The blood of a woman who died aged 115 has lent support to a theory about why humans inevitably die.
Analysis of blood cells from Hendrikje van Andel-Schipper suggests that the eventual death of even generally healthy people may be because stem cells have a limited capacity to replenish tissue.
van Andel-Schipper was born in 1890 and died in 2005. She was at one stage listed by some sources as the oldest living person in the world (a disputed status) and is currently at number 25 in the all-time list of highest verified ages.
At the age of 82 (in the early 1970s) she gave written permission for her body to be donated to science after her death on condition any findings were made public. It proved a particularly useful bequest as not only did she make it to such a high age, but she remained in good physical and mental health throughout her life, in effect leaving her body as something of a control sample for geriatric health studies.
She died of a gastric tumor and her only other serious condition was a breast tumor; both conditions were highly localised, leaving the rest of her body affected only by the ageing process. She’s also the first person of such an extreme age whose brain showed no signs of dementia conditions such as Alzheimer’s disease.
The VU University Medical Center in Amsterdam explored samples of van Andel-Schipper’s tissue from across her body. They found a distinctive pattern by looking at telomeres, a part of a chromosome that reduces every time a cell divides, a process New Scientist likens to a finite wick burning down.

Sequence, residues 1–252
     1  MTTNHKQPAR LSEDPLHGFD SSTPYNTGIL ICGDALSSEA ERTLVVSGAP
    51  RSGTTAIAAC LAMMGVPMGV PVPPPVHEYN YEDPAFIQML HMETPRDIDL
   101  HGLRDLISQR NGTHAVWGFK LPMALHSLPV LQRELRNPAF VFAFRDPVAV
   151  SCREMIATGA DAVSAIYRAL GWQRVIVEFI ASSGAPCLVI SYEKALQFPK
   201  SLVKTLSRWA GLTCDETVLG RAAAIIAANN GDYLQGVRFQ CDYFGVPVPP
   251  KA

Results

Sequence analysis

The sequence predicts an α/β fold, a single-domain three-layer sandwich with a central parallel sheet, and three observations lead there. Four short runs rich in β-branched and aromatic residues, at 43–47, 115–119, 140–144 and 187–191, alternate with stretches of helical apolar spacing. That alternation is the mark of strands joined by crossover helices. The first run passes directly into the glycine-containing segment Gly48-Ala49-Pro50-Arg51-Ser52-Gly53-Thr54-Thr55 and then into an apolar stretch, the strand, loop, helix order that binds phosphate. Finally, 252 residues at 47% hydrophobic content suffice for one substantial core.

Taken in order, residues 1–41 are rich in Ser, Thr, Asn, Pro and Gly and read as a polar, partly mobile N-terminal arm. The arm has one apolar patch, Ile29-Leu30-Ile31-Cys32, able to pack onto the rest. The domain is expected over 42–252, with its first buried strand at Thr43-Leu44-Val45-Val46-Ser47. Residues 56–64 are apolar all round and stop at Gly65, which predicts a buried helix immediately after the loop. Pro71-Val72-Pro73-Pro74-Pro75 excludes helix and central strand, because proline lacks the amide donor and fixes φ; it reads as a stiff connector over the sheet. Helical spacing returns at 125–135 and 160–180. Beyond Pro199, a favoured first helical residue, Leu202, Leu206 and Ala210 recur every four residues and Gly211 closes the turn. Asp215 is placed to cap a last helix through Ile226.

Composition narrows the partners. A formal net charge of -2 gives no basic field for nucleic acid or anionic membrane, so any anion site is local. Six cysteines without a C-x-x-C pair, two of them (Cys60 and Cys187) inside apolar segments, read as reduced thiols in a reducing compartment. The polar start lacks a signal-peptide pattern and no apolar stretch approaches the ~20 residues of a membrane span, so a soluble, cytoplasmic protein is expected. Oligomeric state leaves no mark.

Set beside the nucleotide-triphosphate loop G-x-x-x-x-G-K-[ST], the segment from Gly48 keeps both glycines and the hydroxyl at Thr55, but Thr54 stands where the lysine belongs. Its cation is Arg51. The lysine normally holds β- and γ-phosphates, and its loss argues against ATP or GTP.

The research showed that the telomores on her white blood cells were 17 times shorter than on her brain cells. They also found that around two-thirds of her remaining white blood cells came from only two stem cells, suggesting the rest had largely died out.
According to the researchers, that suggests that her death from “old age” was the result of blood stem cells simply being worn down and the telemores shortening until the cell dies. With a finite number of blood stem cells (around 20,000 at birth), that puts a limit on human life.
The researchers also used van Andel-Schipper’s body to explore an alternative theory: that death is inevitable because of somatic mutation (changes in DNA during your life that are neither inherited nor passed on.) They found that although she had around 450 somatic mutations in her white blood cells, they were all a result of mistakes during the replication of DNA as the stem cells divided.
None of them had any danger of leading to a disease or cancer, meaning that for her at least, it was possible to avoid fatal consequences from such mutations long enough to push her stem cells to their limits.